The position taken by the Roberts, Alito, Scalia, and Thomas portion of this decision is that the whole attempt to use schools to fix American society is misguided.  The only important issue is the individual liberties of each student.  The government must be racially blind when dealing with these students.  The government cannot force them out of a school due to their race; the government cannot assign them to a school due to their race.  The government must pretend that race doesn’t exist.  If it does, this reasoning goes, there will be no racial discrimination in law and that is the only thing that government or the courts should concern themselves with.  This argument says that we are a nation of individuals and individual rights are all that matter.  Government must not infringe on the rights of the individual for any reason.

Justices Breyer, Ginsburg, Souter, and Stevens dissented in the name of the traditional vision of civil rights law.  Breyer’s dissent argued that there is a difference between race-based programs of exclusion and race-based programs of inclusion.  This is the idea that the ultimate goal of equality in America is an important enough public goal that the abridgement of some individual’s liberties is justified.  This is an argument that a communal good occasionally outweighs private needs.  This argument says we are sometimes a group of individuals, but we are also one nation.  Sometimes what is good for the group must take precedence.

Justice Kennedy’s concurrence shows the tilting point.  He agreed that the way race was used in these school systems – as an individual sorting method – was illegal, but he allowed that the goal of social change was something the schools, and hence the government, could legitimately pursue.  This is a significant difference in philosophy from the Roberts group.  I think there is an argument to be made that the divisions of the court, like the divisions in Congress, simply represent a much divided public mind.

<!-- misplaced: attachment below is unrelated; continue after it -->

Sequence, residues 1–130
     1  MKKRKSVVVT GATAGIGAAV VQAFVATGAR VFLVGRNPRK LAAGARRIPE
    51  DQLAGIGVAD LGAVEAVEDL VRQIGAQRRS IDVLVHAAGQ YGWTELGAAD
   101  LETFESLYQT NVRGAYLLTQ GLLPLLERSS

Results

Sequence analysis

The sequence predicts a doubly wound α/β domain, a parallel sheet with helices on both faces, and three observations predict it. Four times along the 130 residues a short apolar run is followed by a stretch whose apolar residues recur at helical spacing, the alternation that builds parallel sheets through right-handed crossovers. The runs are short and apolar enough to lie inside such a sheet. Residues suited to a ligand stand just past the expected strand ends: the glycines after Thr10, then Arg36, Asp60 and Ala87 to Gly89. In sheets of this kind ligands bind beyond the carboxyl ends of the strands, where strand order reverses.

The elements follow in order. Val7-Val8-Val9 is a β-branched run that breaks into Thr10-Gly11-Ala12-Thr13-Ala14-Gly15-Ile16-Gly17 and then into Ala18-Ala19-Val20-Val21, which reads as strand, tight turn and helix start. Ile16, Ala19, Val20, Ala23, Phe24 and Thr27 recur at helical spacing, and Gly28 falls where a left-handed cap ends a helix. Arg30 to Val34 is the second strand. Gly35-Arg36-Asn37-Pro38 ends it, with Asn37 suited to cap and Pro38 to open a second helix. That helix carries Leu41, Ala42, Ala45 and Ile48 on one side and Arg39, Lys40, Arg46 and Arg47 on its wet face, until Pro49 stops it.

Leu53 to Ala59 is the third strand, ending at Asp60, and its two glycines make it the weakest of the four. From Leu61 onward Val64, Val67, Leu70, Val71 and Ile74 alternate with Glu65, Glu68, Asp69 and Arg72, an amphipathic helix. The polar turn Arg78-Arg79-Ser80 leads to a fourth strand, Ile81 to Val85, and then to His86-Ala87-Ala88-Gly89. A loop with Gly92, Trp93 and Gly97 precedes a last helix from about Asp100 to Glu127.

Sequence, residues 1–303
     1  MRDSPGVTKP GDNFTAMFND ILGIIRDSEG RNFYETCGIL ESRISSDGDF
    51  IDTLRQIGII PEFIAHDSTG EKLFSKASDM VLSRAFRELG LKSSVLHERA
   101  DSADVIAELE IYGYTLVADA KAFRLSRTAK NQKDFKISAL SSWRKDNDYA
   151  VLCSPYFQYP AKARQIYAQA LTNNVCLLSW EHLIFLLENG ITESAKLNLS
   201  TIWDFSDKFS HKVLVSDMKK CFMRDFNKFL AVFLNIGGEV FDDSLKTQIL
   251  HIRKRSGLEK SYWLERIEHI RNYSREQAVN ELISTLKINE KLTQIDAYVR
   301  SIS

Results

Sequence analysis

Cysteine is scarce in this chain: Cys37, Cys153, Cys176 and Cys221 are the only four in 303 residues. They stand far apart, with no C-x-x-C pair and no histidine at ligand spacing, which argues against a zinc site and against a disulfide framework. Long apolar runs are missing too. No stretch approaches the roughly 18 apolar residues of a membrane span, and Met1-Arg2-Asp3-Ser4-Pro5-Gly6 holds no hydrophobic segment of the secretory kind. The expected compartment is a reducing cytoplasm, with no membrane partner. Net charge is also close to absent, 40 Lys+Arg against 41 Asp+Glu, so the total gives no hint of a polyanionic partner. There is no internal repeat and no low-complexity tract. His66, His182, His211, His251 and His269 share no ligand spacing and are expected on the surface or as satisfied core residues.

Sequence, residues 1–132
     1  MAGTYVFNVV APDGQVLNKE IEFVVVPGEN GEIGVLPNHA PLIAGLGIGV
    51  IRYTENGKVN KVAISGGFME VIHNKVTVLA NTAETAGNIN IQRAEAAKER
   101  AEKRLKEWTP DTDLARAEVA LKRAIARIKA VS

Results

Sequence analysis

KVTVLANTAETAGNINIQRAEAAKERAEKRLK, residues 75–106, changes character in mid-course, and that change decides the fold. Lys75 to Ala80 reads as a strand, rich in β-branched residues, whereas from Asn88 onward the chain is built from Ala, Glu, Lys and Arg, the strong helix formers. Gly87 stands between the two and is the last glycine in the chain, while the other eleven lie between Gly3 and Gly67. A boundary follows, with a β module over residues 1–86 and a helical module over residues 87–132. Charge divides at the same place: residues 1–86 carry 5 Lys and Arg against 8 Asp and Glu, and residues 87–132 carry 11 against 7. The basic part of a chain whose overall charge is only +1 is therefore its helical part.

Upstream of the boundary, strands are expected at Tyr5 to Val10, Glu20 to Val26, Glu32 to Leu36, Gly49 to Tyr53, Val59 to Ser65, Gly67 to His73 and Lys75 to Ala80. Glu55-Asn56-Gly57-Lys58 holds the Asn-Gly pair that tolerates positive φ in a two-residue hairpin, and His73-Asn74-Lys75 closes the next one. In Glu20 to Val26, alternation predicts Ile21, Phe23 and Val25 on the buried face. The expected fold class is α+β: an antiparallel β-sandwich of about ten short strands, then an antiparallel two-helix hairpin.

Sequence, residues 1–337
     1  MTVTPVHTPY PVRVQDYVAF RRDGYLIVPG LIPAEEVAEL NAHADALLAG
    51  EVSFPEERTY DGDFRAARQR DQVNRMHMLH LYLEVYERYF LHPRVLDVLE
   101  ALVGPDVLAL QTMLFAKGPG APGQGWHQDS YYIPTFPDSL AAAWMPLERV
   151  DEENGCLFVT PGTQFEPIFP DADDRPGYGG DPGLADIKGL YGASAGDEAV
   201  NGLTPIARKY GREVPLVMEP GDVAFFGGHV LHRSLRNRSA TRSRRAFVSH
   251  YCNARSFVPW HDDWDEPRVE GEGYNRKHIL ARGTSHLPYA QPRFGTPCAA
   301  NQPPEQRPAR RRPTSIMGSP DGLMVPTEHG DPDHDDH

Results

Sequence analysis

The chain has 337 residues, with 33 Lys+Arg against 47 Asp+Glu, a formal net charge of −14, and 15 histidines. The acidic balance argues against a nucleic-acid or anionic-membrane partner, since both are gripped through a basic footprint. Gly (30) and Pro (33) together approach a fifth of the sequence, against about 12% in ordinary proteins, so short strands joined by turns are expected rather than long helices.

I cannot agree with the Roberts group.  I think that the view of an atomic society that they and other neo-Conservatives put forward will create a Republic that cannot stand.  This legal reasoning is dangerous to us as a nation because it denies that there is any “us” at all.

But is the law the real problem here?  Isn’t there another set of questions we need to ask?  The reason for the Louisville and Seattle programs is the continuing geographical, economic, and social segregation of America.  Why, five decades after Brown are we still living in an America with “black” neighborhoods and “white” neighborhoods?  I tend to favor the position of the dissenters on the court, but there is still a valid question to ask about why school desegregation hasn’t produced the America its promoters envisioned.  If we are going to come back at the supporters of this decision, and the thinking behind it, we are going to need answers more compelling than “if we just give it more time it will work.”  I think I’ve been hearing someone use that as an argument for “staying the course” in another area, and I don’t buy it there so why should they buy it here?

We’ve got work to do people – and only a small part of it is about voting and law.



14 Responses to “Civil Rights and Individual Rights”

  1. sphyrnatude said

    Intereseting points, but the reason there are still “black”and “white” (And chinese and italian and jewish and muslim) neghborhoods is simple: like attracts like. If I’m an upper middle class white, black, hispanic etc, chances are pretty good I’m not interested in living in an inner city slum. Likewise, if I’m poor, chances are also good – regardless of color – that I won’t be living in theland of golf courses, swimming pools and well maincured lawns. Take a look around your neighborhood – there is probably a fairly decent mix of races, but almost everbody will be in a fairly close economic range.